“Half A Man,” part of the Toronto International Film Festival ‘Short Cuts’ program, packs in full-length emotion in under 20 minutes. In this beautifully shot film directed by Kritina Kumric and written by Maja Hrgovic depicting her personal story about the effects of war in a very different way. It’s the impact upon the family seen from a child’s perspective which is not typically acknowledged let alone portrayed in film. We see how war changes everyone in a family, how you look at life and how you live it. ”The short film is the winning project of the competition ‘One picture from the Homeland War,’” a part of the Croatian Adiovisual Centre and the Ministry of Veterans’ Affairs. It is also a part of the book ‘Zivjet cemo bolje’ (‘We Live Better’) authored by Hrgovic as well. ”The film is a result of a nationwide competition seeking to address the traumas sustained by war veterans and their loved ones.”
We are introduced to two young girls: 10 year old Mia, an unbelievably feisty and tenacious girl and the more diplomatic, introverted 12 year old Lorena. Both girls deal with the day’s big event of their father returning from a 3-month captivity at a prisoner of war camp. As they rehearse for a recital approaching, we immediately see, even in this activity, how the girls have dealt with the absence of their father as well as the unknown truth that lies just moments in front of them.
Upon Father’s return, it is evident that he is not the same person that left not that long ago. From Lorena and Mia’s mother’s reaction to the girls and friends who gather, everyone approaches the father from a different angle, but none of them are quite sure how to navigate this unfamiliar territory. It’s a harsh look at life and the unexpected, yet most likely very common, consequences of war in our lives.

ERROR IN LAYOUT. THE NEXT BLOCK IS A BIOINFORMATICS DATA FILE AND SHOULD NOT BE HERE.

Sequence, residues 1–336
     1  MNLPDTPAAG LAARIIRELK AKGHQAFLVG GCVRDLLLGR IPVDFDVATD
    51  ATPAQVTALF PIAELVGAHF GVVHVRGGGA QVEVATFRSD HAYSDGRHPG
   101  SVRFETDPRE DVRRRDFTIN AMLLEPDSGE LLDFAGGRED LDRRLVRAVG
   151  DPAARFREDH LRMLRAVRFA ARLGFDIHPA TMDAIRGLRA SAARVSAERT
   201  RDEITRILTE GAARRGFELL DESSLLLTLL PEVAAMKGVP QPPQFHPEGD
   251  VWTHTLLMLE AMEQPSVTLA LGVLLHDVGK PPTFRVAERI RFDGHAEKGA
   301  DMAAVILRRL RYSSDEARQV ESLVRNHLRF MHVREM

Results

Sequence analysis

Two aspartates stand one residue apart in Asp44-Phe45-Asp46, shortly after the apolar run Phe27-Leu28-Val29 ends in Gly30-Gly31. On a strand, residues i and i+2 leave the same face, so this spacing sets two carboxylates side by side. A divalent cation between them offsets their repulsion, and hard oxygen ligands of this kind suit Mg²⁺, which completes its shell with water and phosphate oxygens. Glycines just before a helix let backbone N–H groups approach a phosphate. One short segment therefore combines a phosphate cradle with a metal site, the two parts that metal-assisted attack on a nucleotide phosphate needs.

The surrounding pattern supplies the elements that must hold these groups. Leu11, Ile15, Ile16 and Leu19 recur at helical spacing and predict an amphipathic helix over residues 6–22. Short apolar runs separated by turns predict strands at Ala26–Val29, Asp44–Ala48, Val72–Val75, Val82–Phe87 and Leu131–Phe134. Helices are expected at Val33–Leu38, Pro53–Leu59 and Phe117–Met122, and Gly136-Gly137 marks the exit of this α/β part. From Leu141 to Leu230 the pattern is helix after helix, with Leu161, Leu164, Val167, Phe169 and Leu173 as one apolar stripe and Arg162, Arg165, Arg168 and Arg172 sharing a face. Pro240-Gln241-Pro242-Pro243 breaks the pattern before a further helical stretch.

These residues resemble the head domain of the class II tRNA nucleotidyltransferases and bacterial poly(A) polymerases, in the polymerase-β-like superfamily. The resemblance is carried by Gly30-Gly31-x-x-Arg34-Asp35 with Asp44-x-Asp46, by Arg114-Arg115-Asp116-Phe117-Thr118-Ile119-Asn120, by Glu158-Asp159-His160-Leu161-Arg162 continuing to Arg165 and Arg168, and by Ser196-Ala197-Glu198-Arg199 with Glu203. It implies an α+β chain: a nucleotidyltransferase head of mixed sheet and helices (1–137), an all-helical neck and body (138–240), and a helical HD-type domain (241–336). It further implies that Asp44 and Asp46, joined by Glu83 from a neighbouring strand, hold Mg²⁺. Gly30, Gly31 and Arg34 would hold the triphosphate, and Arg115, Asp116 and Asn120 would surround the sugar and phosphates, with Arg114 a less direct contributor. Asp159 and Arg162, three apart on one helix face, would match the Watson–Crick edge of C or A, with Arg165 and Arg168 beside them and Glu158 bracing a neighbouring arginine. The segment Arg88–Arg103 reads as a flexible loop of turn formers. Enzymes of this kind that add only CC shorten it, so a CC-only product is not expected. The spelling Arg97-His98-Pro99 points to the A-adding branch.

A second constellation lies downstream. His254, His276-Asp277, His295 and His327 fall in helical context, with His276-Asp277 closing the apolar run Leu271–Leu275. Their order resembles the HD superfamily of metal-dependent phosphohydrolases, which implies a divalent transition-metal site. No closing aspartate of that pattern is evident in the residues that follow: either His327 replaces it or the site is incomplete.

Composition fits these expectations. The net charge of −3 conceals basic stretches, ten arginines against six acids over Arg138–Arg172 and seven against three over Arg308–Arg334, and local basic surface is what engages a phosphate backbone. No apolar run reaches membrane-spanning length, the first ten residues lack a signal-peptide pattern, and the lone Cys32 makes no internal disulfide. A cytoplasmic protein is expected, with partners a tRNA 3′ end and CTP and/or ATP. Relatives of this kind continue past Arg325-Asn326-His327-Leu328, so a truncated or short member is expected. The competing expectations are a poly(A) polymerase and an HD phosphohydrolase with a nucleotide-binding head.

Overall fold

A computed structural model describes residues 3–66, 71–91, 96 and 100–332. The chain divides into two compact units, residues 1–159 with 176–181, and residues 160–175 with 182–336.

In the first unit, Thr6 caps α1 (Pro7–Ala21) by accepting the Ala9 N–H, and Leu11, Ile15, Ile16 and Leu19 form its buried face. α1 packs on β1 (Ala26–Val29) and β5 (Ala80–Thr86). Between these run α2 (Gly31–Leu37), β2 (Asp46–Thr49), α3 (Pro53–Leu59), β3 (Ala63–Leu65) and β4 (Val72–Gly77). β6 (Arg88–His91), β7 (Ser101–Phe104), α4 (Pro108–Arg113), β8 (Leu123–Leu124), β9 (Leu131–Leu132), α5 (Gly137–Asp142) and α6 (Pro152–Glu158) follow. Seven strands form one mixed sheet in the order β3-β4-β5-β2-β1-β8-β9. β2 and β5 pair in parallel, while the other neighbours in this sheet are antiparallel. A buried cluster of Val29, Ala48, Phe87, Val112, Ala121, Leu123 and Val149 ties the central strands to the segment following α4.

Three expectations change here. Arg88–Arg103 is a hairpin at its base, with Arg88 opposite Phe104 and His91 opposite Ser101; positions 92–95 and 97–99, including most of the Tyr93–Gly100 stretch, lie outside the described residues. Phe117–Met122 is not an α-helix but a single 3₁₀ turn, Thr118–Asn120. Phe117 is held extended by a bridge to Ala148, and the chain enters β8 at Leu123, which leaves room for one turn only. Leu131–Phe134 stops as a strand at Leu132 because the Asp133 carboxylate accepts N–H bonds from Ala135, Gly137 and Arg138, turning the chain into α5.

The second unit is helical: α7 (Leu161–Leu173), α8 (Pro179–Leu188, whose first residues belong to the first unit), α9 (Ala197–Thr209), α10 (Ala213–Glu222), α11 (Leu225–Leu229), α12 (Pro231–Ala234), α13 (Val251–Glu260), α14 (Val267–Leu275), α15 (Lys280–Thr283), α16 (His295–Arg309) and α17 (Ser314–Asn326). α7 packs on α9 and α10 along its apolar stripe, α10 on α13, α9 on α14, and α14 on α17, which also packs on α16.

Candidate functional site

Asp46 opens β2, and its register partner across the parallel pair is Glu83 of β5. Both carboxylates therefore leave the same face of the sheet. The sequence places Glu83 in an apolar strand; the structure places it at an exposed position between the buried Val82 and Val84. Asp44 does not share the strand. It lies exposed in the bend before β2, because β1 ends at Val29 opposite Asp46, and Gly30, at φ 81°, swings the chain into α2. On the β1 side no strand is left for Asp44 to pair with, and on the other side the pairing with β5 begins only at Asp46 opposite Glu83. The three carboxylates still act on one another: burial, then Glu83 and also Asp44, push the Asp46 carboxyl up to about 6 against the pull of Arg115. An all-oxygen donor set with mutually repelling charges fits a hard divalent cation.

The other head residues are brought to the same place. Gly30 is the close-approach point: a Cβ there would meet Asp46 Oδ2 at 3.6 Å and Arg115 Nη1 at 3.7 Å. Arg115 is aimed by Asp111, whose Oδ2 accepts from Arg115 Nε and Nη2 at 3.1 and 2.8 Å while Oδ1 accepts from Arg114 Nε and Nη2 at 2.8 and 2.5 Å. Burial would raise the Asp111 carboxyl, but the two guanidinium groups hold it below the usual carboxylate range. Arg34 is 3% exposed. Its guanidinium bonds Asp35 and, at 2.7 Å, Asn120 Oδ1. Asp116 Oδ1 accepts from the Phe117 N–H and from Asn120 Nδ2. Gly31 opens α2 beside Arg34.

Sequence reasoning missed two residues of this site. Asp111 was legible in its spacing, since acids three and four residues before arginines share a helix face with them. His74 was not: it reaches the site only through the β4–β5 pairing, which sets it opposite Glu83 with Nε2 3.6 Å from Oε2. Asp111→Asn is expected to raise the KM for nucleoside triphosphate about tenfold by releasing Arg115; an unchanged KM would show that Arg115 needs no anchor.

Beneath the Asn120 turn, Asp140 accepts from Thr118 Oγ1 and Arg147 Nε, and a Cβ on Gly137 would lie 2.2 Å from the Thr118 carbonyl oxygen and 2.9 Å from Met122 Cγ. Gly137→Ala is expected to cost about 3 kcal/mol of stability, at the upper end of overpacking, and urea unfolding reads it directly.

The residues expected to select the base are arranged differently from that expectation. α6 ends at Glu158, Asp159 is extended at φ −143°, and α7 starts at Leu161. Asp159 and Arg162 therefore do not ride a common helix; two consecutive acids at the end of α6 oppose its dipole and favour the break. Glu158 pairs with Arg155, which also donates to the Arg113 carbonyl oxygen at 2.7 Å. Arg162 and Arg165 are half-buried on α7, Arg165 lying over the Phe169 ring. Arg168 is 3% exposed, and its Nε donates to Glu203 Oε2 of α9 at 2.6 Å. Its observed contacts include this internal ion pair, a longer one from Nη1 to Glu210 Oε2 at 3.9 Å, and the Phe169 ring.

From the opening scene, the style of filmmaking pulls us into the situation, allowing us to be a part of what’s happening so that we can feel the emotion that pours from each character. Mia’s anger and yearning to fight anyone who disagrees with her, somehow endears you to her. Her expressions of “don’t mess with me” cover deep within a scared little girl who needs to be sheltered from what’s to come. As the song “I Need A Hero” by Bonnie Tyler appropriate plays in the background, we hear each of their reactions to this rather catatonic war veteran and perhaps get a glimpse into the crystal ball predicting all of their futures.
The story is a powerfully poignant one, with rich characters who are real yet complex. These two children, particularly “Mia,” give such heartfelt performances, it is as if they are drawing upon real life experiences. The intensity and keen understanding of the “Mia” character is as mesmerizing as it is commanding. With this type of performance from all of the actors, the story is irresistibly compelling. The insightful dialogue will take your breath away as the words shatter your heart. This short film is worthy of any full-length feature as it allows the viewer to not only understand the story, but to somehow have empathy for the characters.
“Half A Man” will strike a chord that resonates within all of us whether or not we have directly been effected by the horrors of war. Skillful acting, directing, and writing bring you an unforgettable story of family, love, and survival.
If you’re lucky enough to be at the 2016 TIFF, be sure to put this film on your list:
Saturday, September 10, 10 pm at Scotiabank 14 (World Premiere)
Friday, September 16, 9:15 pm at Scotiabank 14
(Press & Industry screening on Sunday, September 11, 11:15 am at Scotiabank 6)
For more information about the film, go to tiff.net/films/half-a-man